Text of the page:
• Events
Sep 22
Ideas and Ideals: Strong Female Voices III ONLINE EVENT  Albertine Bookstore/French Embassy 972 Fifth Avenue New York, NY 10075 
Sep 22
Ideas and Ideals: Strong Female Voices III ONLINE EVENT  Albertine Bookstore/French Embassy 972 Fifth Avenue New York, NY 10075 
Sep 22
When the Waves Have Come and Gone Plage des Catalans

Interview with Gisèle Pineau in Miami

Mrs. Gisèle Pineau, welcome to Miami! Are you familiar with Florida, and have you ever had the opportunity to attend the Miami International Book Fair which is one of the largest book fairs in the United States?

GP: Hello to you and to all lovers of literature. I have had the chance to visit Florida, like many Caribbean, on the occasion of fieldtrips. This is the first time that I am invited to this great literary event, and I feel very honored. I come from Marie-Galante, a French territory near Guadeloupe. I like the idea of being able to bring a voice from these small islands of the French West Indies to the Anglophone world with which I share a lot on a geographic level, but also on an environmental and cultural level. One could say that we all swim in the same waters, we experience the same migration patterns, we are affected by the same furies from the sky and the same earthquakes.

As an author from Guadeloupe, you will meet with Haitian artists and authors: Mimerose Beaubrun, Myriam Chancy, Gessica Génésus and Sophia Fécu. Can you give us some idea of the general theme that will be discussed at the Miami International Book Fair and what it means to you?

As an author, I am happy to meet and exchange with Haitian authors. We have a lot in common. I have been to Haiti on many occasions to attend literary events, notably the “Festival Etonnants Voyageurs” and the “Festival des Amériques insulaires.” I often meet Haitian authors who travel the world and I have known them for many years. I feel a kinship to the Haitian people. My most recent novel evokes the destiny of a young Haitian woman who arrives to Guadeloupe a few months after the terrible earthquake of January 12, 2010. In this text, I account of the situation of a number of Haitians who came to take refuge in the French Caribbean islands – how they live day to day, clandestinely, often exploited on banana plantations, having no choice but to face a hostile population full of prejudice.  While writing this novel, it was also important for me to deal with the situation of all migrants who come and go on this planet, pushed from their homes by dictatorships, persecutions, natural disasters, war, misery and hunger.

You have published many novels that have been translated into several languages. What is your relationship to the French language, and do you sometimes write in other languages?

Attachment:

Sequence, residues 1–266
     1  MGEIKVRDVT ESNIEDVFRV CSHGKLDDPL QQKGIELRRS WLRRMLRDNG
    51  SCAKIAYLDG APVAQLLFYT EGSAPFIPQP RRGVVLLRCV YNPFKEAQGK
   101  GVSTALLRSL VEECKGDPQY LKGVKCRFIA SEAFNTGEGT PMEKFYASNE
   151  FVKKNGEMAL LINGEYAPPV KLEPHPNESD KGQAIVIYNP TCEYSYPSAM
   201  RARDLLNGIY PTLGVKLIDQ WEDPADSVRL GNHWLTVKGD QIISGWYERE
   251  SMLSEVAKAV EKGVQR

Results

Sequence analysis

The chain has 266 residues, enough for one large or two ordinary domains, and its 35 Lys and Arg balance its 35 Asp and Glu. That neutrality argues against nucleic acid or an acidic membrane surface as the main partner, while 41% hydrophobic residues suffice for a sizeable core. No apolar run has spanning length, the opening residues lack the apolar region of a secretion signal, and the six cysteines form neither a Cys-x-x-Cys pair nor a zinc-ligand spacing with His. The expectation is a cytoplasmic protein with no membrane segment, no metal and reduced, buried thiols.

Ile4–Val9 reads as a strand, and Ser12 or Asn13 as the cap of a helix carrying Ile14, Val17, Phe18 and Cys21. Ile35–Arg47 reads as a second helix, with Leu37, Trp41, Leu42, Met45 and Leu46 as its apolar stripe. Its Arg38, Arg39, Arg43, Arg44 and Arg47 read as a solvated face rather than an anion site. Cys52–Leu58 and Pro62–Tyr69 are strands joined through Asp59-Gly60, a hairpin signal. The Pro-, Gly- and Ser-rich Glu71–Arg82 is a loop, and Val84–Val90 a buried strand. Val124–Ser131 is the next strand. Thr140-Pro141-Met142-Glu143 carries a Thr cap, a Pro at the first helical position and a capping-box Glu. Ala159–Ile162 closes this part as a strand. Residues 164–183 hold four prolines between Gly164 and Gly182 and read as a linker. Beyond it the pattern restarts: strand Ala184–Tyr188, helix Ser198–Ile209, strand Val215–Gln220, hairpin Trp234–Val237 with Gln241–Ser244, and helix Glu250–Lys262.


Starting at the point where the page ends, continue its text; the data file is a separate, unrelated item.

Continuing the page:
I began to write novels at the age of ten. I am born in Paris and grew up in a project area of a Parisian suburb thriving with racism and xenophobia.  Reading from great authors saved my life.  Writing came as a consolence and allowed me to confront this world that is so rejecting. I built my self through the French language by merging it with the Creole language of my paternal grandmother.  I write both in Creole and in French in order to remain true to the characters in my novels, to be able to hear the uproar in their hearts and their true selves.  I have always loved the power of words. I love stories. I have read so many… I love to tell and invent stories by basing them on reality, including its beauty and its violence.

In Miami, you will present your novel: “L’âme prêtée aux oiseaux” during the Miami Book Fair International; may I ask why you chose to speak about this specific novel?

I will present  “L’âme prêtée aux oiseaux” in Miami as it has just been translated into English. This is a novel that travels throughout the Caribbean, but that also makes stops in Paris and in New York.  It tells the story of love, yesterday, today, and tomorrow. How do we know if we are loved? Can one measure the love that we have for another than oneself, to a man, to a woman or to one’s children? The reader also travels in time, from slavery to World War II in France. The main characters are women:  a Parisian woman tormented by her past and an impossible love story with a black American soldier who came to liberate Paris; a young woman from Guadeloupe arriving in Paris with her son. They will learn from each other, and together they will heal their love wounds.

Are you currently writing a new novel or working on any other artistic projects that you can tell us about?

My new novel is in the works. I tell the story of a family that finds itself in Guadeloupe after a major discord. The children are all grown up and live far away from their native island.  As the family reunites, the memories come back. It is a story about resilience and redemption.

This interview was conducted by the press service of the French Consulate in Miami.